Self-love is pretty much what it says on the tin (to love and develop a positive relationship with oneself), but it’s also standing on the foundation of pillars such as self-care, self-acceptance, and self-compassion.
Jennifer Chan, a counsellor at Mind What Matters, wishes to highlight self-compassion, a term that has been receiving more attention and research over the last ten years.
The term self-love, she believes, is a blanket term for many expressions of love to oneself. Self-compassion, a subset of self-love, is “being open to and moved by one’s own suffering, and experiencing feelings of care and kindness to oneself.”* It means taking an understanding, non-judgmental attitude towards one’s inadequacies and failures, and recognising that these experiences are just part of being human.
It seems straightforward enough to understand compassion: when we see someone in pain, we comfort them and we try to help, whether it is taking a friend out to lunch, or sending donations to people in need. To apply this to yourself, it means to acknowledge that you are suffering, and try to get yourself to a stable footing without casting blame.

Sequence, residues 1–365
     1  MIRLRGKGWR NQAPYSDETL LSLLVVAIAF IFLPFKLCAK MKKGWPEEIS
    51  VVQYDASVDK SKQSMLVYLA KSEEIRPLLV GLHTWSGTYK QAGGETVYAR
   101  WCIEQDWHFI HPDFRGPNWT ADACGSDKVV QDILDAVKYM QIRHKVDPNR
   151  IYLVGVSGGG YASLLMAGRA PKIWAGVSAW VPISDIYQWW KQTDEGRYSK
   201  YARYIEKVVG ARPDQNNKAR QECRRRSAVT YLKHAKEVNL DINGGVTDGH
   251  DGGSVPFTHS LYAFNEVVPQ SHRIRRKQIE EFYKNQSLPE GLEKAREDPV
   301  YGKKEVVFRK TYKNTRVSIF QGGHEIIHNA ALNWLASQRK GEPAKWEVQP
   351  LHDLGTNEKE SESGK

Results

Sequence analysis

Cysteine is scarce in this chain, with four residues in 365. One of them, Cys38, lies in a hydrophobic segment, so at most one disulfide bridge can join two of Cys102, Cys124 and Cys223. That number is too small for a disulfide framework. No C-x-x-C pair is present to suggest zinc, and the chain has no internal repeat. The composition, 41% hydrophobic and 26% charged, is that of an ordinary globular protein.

This can and may manifest in little things like bubble baths – but a bath bomb is nothing if your headspace is not reconciled to the idea of opening up to the pain and addressing it.
It was then when I realised that I had created a Frankenstein’s monster out of multiple terms that were being bandied about. Self-love. Self-care. Mindfulness. And now, self-compassion. I had conflated them all into one, when really, I was forgetting that these are terms backed by research, and do have specific meanings. The mental wellness movement is a welcome and necessary one, but perhaps not everyone is aware of the nuance.
I began to realise that by equating my little acts of self-care with self-love, I was putting a band-aid over a bigger problem. I never consciously thought about giving myself grace — I opted for Netflix, when I should have been asking myself: “How do you really feel?”